Caravaggio by Michael John Angel

Home / Articles


by Michael John Angel

Published on 1 January, 2002

There has been a lot of near-nonsense written over the past few years by art historians and modern artists, neither of whom have any background in the practical aspects of realistic figure painting, about the incised lines in Caravaggio's paintings. The main idea seems to be that Caravaggio , instead of sketching his placements with a charcoal or a brush, used a sharp stick to gouge the placement lines into the plaster.

But why on earth would he have done that? It is true that he had emotional problems; he was a homicidal maniac, but he was not a mental deficient.

A second idea is that these gouges are reference marks for the placement of the models, while the artist used some kind of projection device to throw an image onto the canvas. But again, why would he do that, rather than use a charcoal or a brush, as everybody else did?

The Madonna dei Palafrenieri
Oil on canvas, 1606
115 x 83 inches (292 x 211 cm)
Galleria Borghese, Rome

These incisions appear from time to time, when one is transferring the full-sized drawings, the cartoons — particularly in areas where the plaster, the gesso (gesso is Italian for plaster), is thick and fresh. These gouges are, in fact, a nuisance and most painters try to avoid them. Recent studies — for instance on Caravaggio's The Madonna dei Palafrenieri — have shown that the deepest incised lines are indeed where the plaster is thickest. Caravaggio was always in a hurry to meet his deadline (he was the best kind of professional artist: he almost never missed a deadline and, when the client needed changes made, he made them, sometimes completely re-painting the work). The oil imprimitura (the first coat of paint, the primer) would then be applied a little earlier than it should be and the cartoons traced a little too soon, these two things cumulatively causing the pencil, or the hard end of the brush, to gouge our famous incisions. This does, in fact, happen.

To transfer the cartoons onto the canvas, a painter will rub charcoal onto the back of the cartoon, or onto the back of a tracing, then trace over the lines on the front, thus imprinting the charcoal onto the imprimitura. A frequent argument against the idea of Caravaggio having used cartoons is that there is no charcoal present under the painting. But this absence is not surprising. Unless the painter fixes the charcoal under-drawing, it either mixes in with the paint, or is brushed off as one paints; it would be impossible to keep it, in fact. Or Caravaggio may have used dry pigment on the back of his cartoons. Or oil paint, as Bouguereau and others were to do in the 19th century. This last, though, is unlikely, as some of the paint would have dried and no trace of such a thing has been found.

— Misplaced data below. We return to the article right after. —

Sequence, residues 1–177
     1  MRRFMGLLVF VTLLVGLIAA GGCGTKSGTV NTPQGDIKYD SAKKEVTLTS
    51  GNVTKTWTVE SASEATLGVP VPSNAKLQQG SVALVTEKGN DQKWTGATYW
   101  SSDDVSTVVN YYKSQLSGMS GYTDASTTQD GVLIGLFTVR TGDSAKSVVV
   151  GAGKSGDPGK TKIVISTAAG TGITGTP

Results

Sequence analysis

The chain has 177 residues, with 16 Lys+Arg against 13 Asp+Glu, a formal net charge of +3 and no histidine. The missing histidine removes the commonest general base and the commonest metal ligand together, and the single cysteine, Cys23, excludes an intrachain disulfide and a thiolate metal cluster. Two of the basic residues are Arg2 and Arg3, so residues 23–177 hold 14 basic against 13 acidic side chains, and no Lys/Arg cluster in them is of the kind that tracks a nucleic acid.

The fact that the incisions do not follow the outlines of the figures, but only place them in a general way, is, for me, the most suggestive aspect of this whole polemic. Cartoons are not well understood by the layman; at best there is some kind of general idea that a large, fully detailed drawing is made on a big piece of paper (cartoni means big papers, in Italian). But many painters prefer to work up their details in paint, progressing from a bold, general lay-in to a finished product. However, the initial placement of the elements is best done using a series of full-size gestural construct drawings; i.e., cartoons, each on its separate piece of paper, all of which can then be moved around until the best positionings, the tensions, rhythms and inclinations which give the drama and emotional clout, are reached. It is, in effect, a cut-and-paste method and is far better, because faster and easier to control, than sketching directly on the canvas, erasing, moving, erasing again, and so on. The Caravaggio incisions have all the hallmarks of the gestural construct: a kind of simplified figure, which concerns itself with gesture and proportion and not with the articulation of the outline.